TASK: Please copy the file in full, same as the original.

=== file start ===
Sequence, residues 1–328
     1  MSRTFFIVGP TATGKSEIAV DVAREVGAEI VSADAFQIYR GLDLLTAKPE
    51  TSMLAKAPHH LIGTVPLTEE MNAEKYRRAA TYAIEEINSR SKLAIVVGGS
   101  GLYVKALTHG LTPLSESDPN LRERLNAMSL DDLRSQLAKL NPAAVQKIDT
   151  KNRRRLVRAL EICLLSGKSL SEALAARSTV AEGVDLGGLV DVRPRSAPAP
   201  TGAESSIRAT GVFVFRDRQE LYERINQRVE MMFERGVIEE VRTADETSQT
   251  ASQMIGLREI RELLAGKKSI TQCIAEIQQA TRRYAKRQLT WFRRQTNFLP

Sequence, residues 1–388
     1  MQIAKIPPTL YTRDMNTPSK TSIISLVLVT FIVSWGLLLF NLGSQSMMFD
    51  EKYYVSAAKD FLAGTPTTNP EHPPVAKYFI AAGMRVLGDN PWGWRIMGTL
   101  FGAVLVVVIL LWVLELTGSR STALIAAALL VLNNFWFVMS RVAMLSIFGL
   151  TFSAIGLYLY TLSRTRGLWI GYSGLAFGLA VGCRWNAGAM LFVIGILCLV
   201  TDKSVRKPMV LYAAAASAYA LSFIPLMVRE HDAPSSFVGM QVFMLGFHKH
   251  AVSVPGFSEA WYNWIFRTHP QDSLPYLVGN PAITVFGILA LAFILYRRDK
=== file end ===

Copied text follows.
Sequence, residues 1–328
     1  MSRTFFIVGP TATGKSEIAV DVAREVGAEI VSADAFQIYR GLDLLTAKPE
    51  TSMLAKAPHH LIGTVPLTEE MNAEKYRRAA TYAIEEINSR SKLAIVVGGS
   101  GLYVKALTHG LTPLSESDPN LRERLNAMSL DDLRSQLAKL NPAAVQKIDT
   151  KNRRRLVRAL EICLLSGKSL SEALAARSTV AEGVDLGGLV DVRPRSAPAP
   201  TGAESSIRAT GVFVFRDRQE LYERINQRVE MMFERGVIEE VRTADETSQT
   251  ASQMIGLREI RELLAGKKSI TQCIAEIQQA TRRYAKRQLT WFRRQTNFLP

Sequence, residues 1–388
     1  MQIAKIPPTL YTRDMNTPSK TSIISLVLVT FIVSWGLLLF NLGSQSMMFD
    51  EKYYVSAAKD FLAGTPTTNP EHPPVAKYFI AAGMRVLGDN PWGWRIMGTL
   101  FGAVLVVVIL LWVLELTGSR STALIAAALL VLNNFWFVMS RVAMLSIFGL
   151  TFSAIGLYLY TLSRTRGLWI GYSGLAFGLA VGCRWNAGAM LFVIGILCLV
   201  TDKSVRKPMV LYAAAASAYA LSFIPLMVRE HDAPSSFVGM QVFMLGFHKH
   251  AVSVPGFSEA WYNWIFRTHP QDSLPYLVGN PAITVFGILA LAFILYRRDK